How to Install jQuery - dummies

By Steve Suehring, Janet Valade

There are two ways to use jQuery, either downloaded locally or on a Content Delivery Network (CDN). The local copy is just that, a file that sits within your document root on your server’s hard drive. A CDN-hosted version means that the jQuery file sits on someone else’s server and you just reference it in your code.

Whether you use a local copy of a CDN is up to you. For production websites, use a local copy of jQuery for speed and reliability. However, in development, it’s okay to use the CDN version of jQuery.

Install jQuery locally

jQuery is available as a download. Once there, select the Production version and click Download. Depending on your browser’s settings you may end up with a page full of JavaScript code. If that’s the case, select Save As from the File menu.

In other cases, you’ll simply be prompted to download a file. In the end, you want to end up with a file named like jquery-1.8.1.min.js, regardless of whether you save the file or download it.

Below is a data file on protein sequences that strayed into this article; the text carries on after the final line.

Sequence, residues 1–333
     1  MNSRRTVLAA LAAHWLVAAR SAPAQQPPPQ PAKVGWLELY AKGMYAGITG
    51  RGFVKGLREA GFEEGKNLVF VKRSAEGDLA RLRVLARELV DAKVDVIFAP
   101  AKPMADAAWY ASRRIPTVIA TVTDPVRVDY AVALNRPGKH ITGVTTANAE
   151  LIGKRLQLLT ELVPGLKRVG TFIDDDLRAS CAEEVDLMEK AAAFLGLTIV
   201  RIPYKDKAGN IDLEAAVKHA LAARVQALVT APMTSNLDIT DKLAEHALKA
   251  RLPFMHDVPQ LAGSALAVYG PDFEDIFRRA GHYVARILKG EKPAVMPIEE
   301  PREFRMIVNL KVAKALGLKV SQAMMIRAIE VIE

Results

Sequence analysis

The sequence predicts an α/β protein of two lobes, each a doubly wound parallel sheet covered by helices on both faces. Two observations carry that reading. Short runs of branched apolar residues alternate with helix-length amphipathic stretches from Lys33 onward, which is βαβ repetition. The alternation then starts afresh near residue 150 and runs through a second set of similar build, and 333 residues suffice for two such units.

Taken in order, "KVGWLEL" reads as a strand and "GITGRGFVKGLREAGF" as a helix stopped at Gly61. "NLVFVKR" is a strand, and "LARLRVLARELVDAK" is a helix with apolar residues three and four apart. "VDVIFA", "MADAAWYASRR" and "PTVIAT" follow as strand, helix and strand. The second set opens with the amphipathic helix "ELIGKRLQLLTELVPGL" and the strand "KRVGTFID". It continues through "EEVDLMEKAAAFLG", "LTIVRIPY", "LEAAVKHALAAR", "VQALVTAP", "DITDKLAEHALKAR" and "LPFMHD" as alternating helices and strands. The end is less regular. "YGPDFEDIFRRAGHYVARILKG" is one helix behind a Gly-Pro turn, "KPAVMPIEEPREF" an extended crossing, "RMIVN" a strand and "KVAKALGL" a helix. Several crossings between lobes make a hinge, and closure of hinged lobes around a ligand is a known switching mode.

The file should be placed into your document root. Remember the filename; you’ll need it later.

That’s all there is to installing jQuery — download it and put the file into your document root.

Use CDN-hosted jQuery

The CDN-hosted option for jQuery is great for development. You don’t have to worry about downloading the file or putting it in the right place; it’s always available (as long as the CDN is up). CDN-hosted versions are available from many of the big-time players on the web, like Google and Microsoft.

You don’t need to download anything in order to use a CDN-hosted jQuery, so this section is short and sweet. You can find the links for the CDN-hosted versions at